(Unraveling the demographic and economic clash.)
Everyone agrees there are a lot more older people around these days because they are all living longer. Trouble is they are also a lot frailer which is why they are costing so much more to look after. How did this creep up on us? Like a Tsunami you don’t know its coming until – one day BAM!
But hold on – demographic changes don’t happen suddenly, they are born over decades, centuries even.
The Victorians have a lot to answer for; they sowed the first seeds of today’s longevity – out of the era of dark satanic mills when people worked themselves into an early grave. Additionally in the 19th Century major epidemics like cholera and typhoid played a significant part in killing off large numbers of the population, especially children. From this hell hole of early death came major social reforms in employment and very big improvements in sanitation and public health.
However before these things could really make a difference the First World War intervened and culled a generation of young men. Out of the carnage of the trenches, advances in medical care were born and in the post war period infant mortality also reduced. Longevity was on the increase but would take many more years to be noticed. The second world war obscured this understanding but in its aftermath it created an urgent enthusiasm for social reform to deal with the inequalities of the past, from which there was no turning back.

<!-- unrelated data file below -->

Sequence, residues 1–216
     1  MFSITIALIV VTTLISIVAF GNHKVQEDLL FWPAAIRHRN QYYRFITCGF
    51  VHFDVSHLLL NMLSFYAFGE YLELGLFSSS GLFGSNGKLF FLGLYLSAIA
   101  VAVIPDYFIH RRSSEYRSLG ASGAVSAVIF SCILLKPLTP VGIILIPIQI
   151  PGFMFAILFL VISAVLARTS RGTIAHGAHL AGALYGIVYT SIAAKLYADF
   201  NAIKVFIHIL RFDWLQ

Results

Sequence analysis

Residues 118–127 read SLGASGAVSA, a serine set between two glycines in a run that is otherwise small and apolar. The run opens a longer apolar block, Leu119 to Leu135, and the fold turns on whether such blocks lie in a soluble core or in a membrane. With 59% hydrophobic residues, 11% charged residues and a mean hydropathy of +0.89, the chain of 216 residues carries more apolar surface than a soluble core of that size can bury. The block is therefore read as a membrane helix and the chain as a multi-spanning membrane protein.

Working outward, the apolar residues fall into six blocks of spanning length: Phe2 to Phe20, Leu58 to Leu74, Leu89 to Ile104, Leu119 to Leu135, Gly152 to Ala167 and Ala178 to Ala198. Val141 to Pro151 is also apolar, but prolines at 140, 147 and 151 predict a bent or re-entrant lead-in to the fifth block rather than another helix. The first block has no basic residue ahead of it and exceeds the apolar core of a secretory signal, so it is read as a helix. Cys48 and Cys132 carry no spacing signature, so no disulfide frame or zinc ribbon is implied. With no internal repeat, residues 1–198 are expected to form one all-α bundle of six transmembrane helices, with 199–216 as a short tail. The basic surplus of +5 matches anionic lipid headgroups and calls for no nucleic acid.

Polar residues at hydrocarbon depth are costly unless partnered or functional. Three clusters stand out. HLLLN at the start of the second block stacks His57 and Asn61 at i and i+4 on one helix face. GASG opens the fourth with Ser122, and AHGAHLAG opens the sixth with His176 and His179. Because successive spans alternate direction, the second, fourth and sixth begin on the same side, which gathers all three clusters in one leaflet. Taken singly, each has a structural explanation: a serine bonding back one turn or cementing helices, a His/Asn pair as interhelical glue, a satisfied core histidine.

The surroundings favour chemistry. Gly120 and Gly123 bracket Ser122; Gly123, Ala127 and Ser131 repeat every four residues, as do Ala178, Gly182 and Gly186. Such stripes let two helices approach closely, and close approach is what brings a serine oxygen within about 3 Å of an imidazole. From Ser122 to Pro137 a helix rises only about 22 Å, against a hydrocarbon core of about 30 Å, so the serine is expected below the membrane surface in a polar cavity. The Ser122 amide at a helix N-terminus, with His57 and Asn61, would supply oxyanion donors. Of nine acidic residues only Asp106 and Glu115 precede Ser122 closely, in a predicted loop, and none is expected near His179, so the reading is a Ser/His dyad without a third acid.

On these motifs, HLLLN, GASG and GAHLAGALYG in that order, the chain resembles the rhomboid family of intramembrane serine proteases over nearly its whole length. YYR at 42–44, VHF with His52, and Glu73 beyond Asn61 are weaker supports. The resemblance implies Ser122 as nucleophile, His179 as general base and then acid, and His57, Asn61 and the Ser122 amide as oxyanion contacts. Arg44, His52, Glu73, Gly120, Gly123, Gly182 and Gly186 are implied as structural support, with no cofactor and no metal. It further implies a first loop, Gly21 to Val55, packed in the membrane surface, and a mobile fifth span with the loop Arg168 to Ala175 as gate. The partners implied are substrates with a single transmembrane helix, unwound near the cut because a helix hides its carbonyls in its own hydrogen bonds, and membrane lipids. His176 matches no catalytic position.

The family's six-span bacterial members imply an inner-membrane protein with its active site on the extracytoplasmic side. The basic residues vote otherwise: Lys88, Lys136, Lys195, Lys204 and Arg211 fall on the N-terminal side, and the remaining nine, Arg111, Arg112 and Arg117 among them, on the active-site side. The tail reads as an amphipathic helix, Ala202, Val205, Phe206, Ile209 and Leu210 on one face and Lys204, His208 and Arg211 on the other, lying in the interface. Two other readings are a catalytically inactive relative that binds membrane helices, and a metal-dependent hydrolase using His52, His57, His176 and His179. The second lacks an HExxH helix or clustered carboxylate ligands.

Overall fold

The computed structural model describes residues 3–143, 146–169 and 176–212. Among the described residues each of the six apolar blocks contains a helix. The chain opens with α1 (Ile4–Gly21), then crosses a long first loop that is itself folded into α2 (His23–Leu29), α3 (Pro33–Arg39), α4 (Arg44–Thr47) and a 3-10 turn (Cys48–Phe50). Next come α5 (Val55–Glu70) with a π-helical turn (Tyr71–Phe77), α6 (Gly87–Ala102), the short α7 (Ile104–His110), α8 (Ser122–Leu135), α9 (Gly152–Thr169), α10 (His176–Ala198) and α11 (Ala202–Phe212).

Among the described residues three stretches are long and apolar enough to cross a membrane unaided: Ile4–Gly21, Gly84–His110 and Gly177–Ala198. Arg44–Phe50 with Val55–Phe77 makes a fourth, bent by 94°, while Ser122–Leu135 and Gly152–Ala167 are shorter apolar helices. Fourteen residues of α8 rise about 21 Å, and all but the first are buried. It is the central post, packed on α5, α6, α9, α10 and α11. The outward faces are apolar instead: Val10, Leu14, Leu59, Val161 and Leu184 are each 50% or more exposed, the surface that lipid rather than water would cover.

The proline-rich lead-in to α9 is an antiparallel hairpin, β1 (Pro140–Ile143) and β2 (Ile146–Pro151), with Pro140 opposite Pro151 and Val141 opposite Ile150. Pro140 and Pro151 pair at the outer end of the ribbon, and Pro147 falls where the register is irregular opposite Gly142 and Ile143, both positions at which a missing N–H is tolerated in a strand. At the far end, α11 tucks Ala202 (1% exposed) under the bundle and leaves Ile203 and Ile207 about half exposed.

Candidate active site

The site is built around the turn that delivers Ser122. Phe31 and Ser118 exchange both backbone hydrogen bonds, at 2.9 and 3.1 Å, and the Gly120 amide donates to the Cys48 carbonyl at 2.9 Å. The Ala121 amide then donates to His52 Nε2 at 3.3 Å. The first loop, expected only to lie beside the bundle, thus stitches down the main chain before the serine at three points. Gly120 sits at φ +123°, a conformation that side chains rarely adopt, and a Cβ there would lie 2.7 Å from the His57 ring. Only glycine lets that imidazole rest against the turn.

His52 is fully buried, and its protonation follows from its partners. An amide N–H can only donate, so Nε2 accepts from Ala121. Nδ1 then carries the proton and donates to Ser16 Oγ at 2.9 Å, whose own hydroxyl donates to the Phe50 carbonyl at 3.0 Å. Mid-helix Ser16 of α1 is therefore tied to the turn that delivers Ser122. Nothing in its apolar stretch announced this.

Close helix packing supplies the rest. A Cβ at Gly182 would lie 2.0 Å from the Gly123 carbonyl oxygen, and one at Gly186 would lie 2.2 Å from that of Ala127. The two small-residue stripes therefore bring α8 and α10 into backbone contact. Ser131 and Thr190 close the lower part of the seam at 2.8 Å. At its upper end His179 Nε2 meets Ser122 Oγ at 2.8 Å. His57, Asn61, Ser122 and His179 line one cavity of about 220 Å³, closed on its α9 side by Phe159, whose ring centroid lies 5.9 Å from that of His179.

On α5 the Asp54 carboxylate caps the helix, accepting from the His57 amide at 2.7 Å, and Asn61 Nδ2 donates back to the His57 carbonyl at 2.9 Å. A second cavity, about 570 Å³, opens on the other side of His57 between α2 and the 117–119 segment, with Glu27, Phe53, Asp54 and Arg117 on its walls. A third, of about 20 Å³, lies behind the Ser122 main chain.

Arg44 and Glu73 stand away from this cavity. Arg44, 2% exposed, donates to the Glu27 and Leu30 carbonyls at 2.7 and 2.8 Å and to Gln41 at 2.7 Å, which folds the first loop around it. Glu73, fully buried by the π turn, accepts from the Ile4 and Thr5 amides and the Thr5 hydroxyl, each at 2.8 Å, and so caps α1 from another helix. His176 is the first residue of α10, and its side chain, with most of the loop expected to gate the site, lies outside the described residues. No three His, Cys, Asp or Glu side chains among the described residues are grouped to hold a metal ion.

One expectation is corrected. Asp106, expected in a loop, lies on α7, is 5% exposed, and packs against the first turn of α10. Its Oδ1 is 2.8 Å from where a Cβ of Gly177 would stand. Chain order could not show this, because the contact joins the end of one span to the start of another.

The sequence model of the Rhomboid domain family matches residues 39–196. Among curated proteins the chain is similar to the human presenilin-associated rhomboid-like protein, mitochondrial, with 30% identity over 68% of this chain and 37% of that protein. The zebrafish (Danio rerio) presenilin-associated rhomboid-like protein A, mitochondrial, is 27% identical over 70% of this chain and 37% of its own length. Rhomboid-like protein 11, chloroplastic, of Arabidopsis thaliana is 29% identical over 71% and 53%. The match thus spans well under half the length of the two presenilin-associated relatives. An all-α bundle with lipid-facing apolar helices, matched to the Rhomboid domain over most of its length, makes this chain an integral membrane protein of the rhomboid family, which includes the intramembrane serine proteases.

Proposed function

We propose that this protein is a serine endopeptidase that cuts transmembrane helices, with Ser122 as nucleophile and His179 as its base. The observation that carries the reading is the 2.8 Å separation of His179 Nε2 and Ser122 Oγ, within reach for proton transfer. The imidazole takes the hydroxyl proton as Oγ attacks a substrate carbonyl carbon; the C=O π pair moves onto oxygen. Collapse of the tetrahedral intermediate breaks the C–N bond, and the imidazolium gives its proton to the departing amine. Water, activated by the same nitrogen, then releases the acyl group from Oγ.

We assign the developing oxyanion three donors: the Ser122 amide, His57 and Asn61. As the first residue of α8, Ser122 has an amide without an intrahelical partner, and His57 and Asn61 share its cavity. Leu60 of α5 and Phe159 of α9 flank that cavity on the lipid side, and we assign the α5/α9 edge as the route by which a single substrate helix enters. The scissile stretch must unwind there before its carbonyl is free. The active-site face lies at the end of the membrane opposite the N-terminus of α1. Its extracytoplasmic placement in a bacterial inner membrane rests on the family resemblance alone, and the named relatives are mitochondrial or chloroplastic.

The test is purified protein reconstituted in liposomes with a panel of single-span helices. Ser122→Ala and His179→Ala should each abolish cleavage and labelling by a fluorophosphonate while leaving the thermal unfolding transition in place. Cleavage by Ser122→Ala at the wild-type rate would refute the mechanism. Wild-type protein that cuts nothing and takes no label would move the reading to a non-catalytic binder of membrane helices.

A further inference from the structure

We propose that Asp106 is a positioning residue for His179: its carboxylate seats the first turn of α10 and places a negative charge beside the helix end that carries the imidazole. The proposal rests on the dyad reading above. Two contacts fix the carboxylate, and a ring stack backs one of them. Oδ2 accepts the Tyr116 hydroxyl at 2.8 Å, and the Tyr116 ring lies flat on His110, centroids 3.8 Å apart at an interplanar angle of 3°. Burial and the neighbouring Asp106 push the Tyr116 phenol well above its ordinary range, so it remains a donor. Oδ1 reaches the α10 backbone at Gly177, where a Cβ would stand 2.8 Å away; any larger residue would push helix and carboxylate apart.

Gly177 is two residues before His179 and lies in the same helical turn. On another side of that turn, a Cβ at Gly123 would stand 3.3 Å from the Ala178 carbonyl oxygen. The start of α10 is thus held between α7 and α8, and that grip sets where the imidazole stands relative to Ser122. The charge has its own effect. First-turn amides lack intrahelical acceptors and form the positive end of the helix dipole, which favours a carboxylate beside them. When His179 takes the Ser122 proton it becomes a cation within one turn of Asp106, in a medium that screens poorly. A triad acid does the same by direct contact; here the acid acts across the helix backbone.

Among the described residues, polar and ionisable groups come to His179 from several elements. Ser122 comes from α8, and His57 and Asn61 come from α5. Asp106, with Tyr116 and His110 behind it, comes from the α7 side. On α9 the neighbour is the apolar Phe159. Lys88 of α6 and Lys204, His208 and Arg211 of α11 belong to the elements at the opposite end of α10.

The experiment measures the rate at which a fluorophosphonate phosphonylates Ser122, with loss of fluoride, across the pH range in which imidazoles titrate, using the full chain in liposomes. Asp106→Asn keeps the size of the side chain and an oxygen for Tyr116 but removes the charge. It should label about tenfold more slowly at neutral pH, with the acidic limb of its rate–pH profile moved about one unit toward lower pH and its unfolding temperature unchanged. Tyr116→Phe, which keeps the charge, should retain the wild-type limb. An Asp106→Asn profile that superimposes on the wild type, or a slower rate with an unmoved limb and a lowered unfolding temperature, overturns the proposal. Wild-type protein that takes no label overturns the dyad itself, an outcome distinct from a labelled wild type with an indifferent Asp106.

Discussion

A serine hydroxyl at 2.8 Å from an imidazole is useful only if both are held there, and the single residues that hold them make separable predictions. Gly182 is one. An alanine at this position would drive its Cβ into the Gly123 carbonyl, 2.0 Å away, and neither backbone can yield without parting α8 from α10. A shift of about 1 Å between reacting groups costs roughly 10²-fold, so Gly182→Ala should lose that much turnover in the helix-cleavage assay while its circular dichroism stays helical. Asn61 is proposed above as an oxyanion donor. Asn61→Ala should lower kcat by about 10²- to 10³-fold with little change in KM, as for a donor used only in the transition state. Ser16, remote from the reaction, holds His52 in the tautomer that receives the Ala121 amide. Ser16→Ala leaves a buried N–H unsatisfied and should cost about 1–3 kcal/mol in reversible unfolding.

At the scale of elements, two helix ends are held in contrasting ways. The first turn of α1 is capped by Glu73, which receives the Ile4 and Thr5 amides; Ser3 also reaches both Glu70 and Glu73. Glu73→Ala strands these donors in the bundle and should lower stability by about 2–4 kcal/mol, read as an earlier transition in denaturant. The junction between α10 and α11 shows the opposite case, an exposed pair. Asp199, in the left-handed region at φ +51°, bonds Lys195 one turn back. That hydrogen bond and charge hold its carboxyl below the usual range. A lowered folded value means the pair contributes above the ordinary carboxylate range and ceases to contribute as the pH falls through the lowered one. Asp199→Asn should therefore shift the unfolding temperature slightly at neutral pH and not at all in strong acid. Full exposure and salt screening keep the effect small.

Beverages welfare reforms created expectations of universal rights for the home-coming heroes and their families to survive and thrive. Then Nye Bevan set out to erase the inequalities of the health care system by founding the NHS – a safety net free for all.
This raised everyone’s eyes to the prospect of a longer, healthier and wealthier life. The untimely deaths of the Victorian era were banished to history and the dire poverty of the interwar depression were forgotten.
Today’s generation of grannies and granddads have memories of that period they prefer to forget but a dangerous seed was sown in the minds of the baby boomers born after the second world war. A something for nothing mentality in a new generation of all hope and expectation but little sense of history. Indeed, they were not taught modern history, rather they learned about Britain’s great past – the all conquering, all consuming British empire. A rose-tinted view of global domination and exploitation, at a time of 1851 – innovation and cultural enlightenment. The more relevant recent past of the 20th century where there were important lessons to be learned, was too tragic and raw to discuss, so we left it out!
So now our young people live life in the fast paced space age generation leaving behind the baby boomers to enter retirement and boldly go where no man (or woman) has gone before. In an era of longer lives, huge expectations and few resources to cover the cost of old age, we are left with the question
“How did we all get to be so old and so frail so suddenly”